Institute helps participants understand poverty
By Enedelia J. Obregón
First, I “borrowed” some toilet paper from my work place. Then I “borrowed” a bar of soap. I really needed them but couldn’t figure out how to buy them after trying to pay $3,317 worth of bills with a monthly income of $1,307.
No matter how I shuffled around the play money in this exercise on poverty, I came up extremely short. My imaginary small children required diapers and day care so I could continue working at the imaginary small company, which offered health insurance that I could not afford. I kept money for gasoline but let the car insurance lapse. I was about to have my electricity and water shut off. I paid part of the water bill. Since I had no money for food, I needed to find time to get to a food pantry.
The exercise, which left me exhausted and extremely stressed, was to remind those in attendance of the struggles faced daily by the 46.7 million people who live in the war zone of poverty.
“War zone” is what Donna M. Beegle calls poverty. “Bullets” is what she calls the daily events that make it hard to survive. To give people who are not poor a tiny taste of poverty, she designed the Poverty Institute, which she presented to the regional Society of St. Vincent de Paul (SVdP).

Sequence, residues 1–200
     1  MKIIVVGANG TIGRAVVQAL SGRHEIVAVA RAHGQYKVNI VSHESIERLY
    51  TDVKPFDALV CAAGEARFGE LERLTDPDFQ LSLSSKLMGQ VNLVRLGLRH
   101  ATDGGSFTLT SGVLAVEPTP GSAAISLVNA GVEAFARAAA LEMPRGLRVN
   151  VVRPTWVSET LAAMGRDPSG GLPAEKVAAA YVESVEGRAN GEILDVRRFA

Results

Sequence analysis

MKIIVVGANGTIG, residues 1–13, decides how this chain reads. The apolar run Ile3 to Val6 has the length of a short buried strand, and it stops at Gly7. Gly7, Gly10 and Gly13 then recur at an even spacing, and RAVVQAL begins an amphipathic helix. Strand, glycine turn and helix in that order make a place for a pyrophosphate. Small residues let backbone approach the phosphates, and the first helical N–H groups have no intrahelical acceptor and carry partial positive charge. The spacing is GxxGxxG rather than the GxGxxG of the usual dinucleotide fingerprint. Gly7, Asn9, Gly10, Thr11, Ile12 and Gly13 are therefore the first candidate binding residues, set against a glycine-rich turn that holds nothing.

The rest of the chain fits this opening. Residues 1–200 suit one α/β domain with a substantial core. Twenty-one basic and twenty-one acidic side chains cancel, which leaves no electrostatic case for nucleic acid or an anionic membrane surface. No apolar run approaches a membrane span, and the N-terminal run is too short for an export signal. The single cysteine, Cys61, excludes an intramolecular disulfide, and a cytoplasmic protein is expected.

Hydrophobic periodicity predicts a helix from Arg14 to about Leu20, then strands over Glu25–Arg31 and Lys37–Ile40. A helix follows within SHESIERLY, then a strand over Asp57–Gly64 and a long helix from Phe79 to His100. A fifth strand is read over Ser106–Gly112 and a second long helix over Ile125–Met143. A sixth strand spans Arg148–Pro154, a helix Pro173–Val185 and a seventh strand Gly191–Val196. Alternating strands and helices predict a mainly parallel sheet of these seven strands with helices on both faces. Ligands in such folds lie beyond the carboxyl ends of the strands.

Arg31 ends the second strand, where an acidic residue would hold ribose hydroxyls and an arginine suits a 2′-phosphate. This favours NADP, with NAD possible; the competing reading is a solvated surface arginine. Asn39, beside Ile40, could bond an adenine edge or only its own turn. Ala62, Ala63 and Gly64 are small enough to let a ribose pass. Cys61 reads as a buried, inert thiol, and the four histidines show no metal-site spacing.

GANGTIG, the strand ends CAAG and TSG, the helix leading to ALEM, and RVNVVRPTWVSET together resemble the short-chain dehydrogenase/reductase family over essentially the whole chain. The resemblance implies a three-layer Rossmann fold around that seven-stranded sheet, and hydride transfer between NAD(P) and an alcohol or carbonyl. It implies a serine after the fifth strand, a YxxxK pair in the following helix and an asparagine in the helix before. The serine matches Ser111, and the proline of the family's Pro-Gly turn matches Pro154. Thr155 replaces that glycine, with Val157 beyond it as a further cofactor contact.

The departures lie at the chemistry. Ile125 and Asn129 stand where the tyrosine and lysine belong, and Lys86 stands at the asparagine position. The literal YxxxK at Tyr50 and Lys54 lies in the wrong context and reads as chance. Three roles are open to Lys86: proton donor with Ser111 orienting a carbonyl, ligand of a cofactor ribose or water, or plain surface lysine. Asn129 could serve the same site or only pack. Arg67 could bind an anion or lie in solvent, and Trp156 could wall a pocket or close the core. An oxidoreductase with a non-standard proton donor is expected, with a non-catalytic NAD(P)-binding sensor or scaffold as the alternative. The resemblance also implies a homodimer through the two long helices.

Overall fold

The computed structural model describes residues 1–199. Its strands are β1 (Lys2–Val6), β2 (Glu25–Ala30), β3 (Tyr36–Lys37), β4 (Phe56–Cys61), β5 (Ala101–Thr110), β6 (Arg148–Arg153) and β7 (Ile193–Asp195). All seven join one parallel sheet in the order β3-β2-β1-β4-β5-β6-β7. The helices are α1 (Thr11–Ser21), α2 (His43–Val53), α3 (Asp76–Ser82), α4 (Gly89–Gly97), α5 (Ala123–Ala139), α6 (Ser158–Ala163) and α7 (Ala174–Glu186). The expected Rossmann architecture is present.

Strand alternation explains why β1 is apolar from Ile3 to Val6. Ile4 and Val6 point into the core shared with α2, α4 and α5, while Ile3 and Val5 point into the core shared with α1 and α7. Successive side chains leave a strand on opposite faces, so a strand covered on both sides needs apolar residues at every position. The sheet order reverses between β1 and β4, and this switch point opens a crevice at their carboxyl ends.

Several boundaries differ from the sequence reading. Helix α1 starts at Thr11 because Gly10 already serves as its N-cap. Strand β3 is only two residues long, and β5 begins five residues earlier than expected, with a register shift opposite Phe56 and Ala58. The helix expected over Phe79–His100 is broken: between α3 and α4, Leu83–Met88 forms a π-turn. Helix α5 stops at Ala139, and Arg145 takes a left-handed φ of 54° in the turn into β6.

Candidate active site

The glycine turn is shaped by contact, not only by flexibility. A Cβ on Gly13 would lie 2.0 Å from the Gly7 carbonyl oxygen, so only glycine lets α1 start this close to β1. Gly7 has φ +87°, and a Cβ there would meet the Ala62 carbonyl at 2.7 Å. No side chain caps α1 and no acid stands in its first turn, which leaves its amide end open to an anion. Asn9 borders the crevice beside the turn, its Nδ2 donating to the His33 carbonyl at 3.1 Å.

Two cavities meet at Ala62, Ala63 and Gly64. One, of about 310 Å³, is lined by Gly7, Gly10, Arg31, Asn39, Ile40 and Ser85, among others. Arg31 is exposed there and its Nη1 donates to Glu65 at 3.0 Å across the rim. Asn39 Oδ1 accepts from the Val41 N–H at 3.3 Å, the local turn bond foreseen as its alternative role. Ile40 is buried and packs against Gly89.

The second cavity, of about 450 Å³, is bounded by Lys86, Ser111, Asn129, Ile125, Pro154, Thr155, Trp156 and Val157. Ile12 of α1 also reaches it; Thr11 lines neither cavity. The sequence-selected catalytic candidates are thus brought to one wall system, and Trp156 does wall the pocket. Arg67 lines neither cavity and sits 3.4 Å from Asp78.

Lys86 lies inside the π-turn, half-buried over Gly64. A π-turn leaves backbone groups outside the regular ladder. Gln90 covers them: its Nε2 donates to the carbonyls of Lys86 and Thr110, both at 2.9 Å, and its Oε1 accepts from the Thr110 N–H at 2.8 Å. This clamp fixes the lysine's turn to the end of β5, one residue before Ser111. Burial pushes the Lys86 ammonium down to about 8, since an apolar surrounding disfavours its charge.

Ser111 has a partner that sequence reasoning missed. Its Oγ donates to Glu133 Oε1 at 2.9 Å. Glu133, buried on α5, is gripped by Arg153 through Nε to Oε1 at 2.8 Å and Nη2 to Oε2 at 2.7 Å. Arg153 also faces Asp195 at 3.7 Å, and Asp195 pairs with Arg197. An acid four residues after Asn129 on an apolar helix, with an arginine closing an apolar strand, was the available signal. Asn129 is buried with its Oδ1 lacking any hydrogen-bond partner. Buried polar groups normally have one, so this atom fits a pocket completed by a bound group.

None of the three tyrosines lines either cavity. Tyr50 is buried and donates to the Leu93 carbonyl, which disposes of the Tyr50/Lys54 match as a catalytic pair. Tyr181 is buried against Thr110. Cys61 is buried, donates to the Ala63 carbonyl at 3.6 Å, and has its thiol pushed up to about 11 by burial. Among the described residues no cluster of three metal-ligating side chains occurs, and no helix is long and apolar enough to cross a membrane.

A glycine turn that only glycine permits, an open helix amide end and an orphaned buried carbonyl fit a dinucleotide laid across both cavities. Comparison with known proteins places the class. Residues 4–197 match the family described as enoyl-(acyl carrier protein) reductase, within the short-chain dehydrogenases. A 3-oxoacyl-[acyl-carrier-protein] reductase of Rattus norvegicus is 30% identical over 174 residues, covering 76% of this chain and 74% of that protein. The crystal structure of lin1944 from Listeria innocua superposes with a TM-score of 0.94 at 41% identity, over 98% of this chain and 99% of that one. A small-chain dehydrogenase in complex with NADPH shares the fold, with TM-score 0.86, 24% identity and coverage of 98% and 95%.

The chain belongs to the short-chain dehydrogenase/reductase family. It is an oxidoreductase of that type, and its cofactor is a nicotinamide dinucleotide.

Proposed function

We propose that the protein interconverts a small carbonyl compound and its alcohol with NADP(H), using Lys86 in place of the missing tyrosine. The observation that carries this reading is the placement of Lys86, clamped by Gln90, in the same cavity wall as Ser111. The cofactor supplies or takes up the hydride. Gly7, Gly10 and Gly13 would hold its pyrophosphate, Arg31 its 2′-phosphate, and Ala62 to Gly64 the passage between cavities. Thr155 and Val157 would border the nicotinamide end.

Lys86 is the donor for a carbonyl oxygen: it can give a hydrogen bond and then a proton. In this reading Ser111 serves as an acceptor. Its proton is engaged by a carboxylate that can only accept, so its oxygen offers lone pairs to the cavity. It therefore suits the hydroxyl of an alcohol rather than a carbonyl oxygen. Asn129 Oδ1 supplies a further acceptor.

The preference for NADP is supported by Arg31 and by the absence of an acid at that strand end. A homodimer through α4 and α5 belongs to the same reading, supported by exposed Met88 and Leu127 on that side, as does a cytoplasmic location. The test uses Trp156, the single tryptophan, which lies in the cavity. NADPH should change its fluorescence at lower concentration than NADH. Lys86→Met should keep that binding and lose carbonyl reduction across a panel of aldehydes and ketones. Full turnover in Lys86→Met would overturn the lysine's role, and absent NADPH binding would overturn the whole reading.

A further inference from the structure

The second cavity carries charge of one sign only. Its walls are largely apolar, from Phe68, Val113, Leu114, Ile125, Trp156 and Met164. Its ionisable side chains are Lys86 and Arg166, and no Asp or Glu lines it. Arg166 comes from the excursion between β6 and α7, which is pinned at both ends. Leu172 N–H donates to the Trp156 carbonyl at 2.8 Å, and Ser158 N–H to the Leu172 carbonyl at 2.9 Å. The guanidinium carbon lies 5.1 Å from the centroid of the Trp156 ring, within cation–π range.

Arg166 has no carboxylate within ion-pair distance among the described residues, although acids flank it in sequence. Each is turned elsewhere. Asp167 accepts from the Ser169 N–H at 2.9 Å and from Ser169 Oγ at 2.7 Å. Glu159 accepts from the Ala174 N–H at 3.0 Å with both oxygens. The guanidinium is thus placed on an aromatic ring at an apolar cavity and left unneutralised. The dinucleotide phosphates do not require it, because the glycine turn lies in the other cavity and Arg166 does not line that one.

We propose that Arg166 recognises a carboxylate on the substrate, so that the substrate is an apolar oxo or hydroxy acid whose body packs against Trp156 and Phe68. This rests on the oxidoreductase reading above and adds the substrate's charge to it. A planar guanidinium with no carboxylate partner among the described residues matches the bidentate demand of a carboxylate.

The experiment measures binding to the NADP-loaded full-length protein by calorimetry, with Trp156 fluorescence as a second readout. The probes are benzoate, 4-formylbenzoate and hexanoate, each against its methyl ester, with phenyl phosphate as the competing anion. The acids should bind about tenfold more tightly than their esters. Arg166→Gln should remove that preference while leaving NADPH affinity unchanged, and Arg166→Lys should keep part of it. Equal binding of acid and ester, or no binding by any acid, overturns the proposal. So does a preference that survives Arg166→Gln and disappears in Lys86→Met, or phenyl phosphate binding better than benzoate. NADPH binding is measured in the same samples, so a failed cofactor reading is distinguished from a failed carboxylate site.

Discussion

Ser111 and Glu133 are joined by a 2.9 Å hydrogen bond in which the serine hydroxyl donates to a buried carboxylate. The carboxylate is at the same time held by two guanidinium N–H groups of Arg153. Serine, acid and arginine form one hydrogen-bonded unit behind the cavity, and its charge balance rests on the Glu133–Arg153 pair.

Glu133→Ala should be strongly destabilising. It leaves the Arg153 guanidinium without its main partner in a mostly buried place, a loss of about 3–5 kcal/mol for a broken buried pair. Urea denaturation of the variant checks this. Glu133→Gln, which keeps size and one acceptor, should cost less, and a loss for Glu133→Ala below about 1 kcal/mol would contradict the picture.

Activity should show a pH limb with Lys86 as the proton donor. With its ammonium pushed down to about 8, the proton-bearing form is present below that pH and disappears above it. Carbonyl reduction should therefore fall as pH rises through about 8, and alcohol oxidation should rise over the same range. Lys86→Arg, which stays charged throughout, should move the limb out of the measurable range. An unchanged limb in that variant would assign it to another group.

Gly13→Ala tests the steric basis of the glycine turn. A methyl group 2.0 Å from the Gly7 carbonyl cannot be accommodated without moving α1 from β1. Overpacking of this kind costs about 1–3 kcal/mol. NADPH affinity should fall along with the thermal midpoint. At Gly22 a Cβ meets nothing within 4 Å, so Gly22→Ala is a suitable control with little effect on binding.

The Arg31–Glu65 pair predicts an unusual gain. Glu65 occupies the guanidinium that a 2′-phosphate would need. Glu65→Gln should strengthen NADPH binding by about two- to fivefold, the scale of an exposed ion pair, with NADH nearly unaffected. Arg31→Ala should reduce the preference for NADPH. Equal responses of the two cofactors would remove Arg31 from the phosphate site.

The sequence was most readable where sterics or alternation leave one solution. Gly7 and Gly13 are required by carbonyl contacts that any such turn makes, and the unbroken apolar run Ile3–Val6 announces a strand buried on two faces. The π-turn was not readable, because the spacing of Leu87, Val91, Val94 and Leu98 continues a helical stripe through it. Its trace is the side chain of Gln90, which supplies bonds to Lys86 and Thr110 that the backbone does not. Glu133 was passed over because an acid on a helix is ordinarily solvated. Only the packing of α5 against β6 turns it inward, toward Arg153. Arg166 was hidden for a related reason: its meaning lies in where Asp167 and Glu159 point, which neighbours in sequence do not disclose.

The presentation was an eye-opener for four members of the SVdP conference from Santa Rosa de Lima Parish in Andice. Rita Molina-Rymer and her husband, George, attended with Steve Schlobohm and Mary Cardinal.
“She’s hitting on what a lot of people grow up with,” Molina-Rymer said.
“We need to recognize the perceptions of people we work with,” Schlobohm said. “We need to understand that.”
Cardinal said we keep trying to find a simple solution to a complex problem.
“There is no simple solution,” she said. “If we try that then we just create more problems.”
Cardinal recognized that in order to help people in need, we need to become avid listeners.
“You can’t understand something you haven’t experienced,” she said. “To be avid listeners is time consuming. We have limited time and we often don’t have time to build real relationships.”